Showing posts with label tennis. Show all posts
Showing posts with label tennis. Show all posts

Monday, September 12, 2016

Arriving in Madison, Wisconsin

It’s not often I get to combine both tennis and travel into one trip. I was happy when the opportunity came to do just that in Madison, Wisconsin.

I had been to Madison only once before, and that was quite a long time ago for the Celebration of American Distilling.

I only stayed for one night and didn’t get to see much of the city.

This trip was scheduled for three nights: two at the Graduate Madison and one at The Edgewater.

They are totally different accommodations and I was looking forward to seeing Madison from these completely different angles.

My friend Roberta came along with me.

Our first stop in the city was to check in at the Graduate Madison .

I’m not sure what I was expecting, but it definitely wasn’t what we got.

The Graduate brand has truly unique hotels. They are very welcoming with large open lobbies.

They are also each uniquely remodeled to the (college) town they are located in.

Although my first instinct was modern, retro is probably a better explanation.

Everything was colorful and bright, but contemporary in the sense of convenience in connecting devices and getting work done.

I loved their open table set-up for Portage Pie, the coffee shop-like restaurant in the lobby.

Even the front desk was not like any other I had seen.

I also liked the furniture and artwork that had been chosen specifically for this hotel.

The rooms at The Graduate Hotel are also themed on the local college, the University of Wisconsin at Madison.

They are set up a bit like dorms, but certainly more spacious and convenient

Madison is a big college town. Having lived in Champaign, home of the University of Illinois, for eight years, I am not only used to the concept, I love it.

I went down to the university for a while to check out the tournament before Roberta picked me up and we headed downtown for dinner with Curt from the Visit Madison Convention and Visitors Bureau.

Dinner was at a highly popular restaurant in Madison, Cento. It was warm and comforting, with a thoughtful cocktail list.

I began to wind down from the day of travel with a Mule Romano, made with Tito’s Vodka, Ramozzatii Romero, ginger beer, and mint. It was served in the traditional copper cup made for mules and stayed nice and cold.

We began with salads made with fresh, local ingredients. The main courses were equally well-prepared. The short rib was tender and delicious, and the gnocchi with butternut squash was amazing.

We managed to also save room for some sweet concoctions from their pastry chef.

After dinner, we walked around the beautiful downtown.  The capitol building in in the center and it is architecturally beautiful.

We went past the Elephant Chocolate Café and I made a note that I needed to stop by there before I left town, but we were ready to head back to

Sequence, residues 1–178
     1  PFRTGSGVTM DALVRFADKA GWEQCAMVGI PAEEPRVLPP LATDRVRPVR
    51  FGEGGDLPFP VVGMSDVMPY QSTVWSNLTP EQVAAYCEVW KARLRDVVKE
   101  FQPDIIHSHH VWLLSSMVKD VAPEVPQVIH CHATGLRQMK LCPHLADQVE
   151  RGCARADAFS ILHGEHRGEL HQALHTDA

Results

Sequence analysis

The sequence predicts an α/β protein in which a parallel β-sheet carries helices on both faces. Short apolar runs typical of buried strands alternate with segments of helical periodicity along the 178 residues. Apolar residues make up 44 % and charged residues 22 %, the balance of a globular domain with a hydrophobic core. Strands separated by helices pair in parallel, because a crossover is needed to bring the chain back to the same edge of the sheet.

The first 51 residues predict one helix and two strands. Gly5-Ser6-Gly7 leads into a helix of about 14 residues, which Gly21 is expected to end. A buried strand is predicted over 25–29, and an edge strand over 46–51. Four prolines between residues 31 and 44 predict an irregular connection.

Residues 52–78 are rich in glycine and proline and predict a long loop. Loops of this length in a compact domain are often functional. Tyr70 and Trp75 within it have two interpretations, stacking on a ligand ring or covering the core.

The Graduate Madison and rest up for another day in Madison.

Sunday, May 31, 2015

Chosen to Join and Share Istria!


It was 2006 and I was ready to take my first trip to Europe by myself. I had only been once before at that point and, as a single mom, I hadn't thought about going back.

Just as my daughter was about to turn 21, the opportunity presented itself to cover a tennis tournament . I also had enough miles for a first class ticket to Europe. It didn't take me long to make the decision.

The tournament was a special one. It was the Smirkva Bowl, a competition in Pula, Croatia, for 10 and under kids. They had teamed up with "Little Mo," a similar organization in the United States founded by the family of Grand Slam champion Maureen Connolly Brinker, to bring four players from the U.S. to Croatia for an exhibition event.

I planned to spend time in Paris and Rome too, but it was Croatia that would take most of my time and attention.

Three weeks before the trip, I developed shingles. If you've seen the television commercials for the shingles vaccine and wonderfed if they were exagerating about the seriousness of it, I can tell you they are not.

The pain was bad, but I was determined to go on this trip. I loaded up with steroids, antiviral, and pain medicine and basically slept for three weeks.

I made it to Rome and then to Trieste, Itay. I was picked up and driven through Slovenia and into Croatia. Tournament Director Miodrag Bozovic not only welcomed me into the event, but he and his family welcomed me into their home.

During my week in Croatia, I not only covered this special tournament and got to see some of Pula, but I made relationships that have remained through the years.

Among the players that attended, I have continued to stay in touch with Christina Makarova. I watched her go from a little girl sharing Nutella with me at the dining room table in Pula, to seeing her play as a top junior player at Wimbledon and discussing with her where she wanted to go to college (she's now playing at Duke University).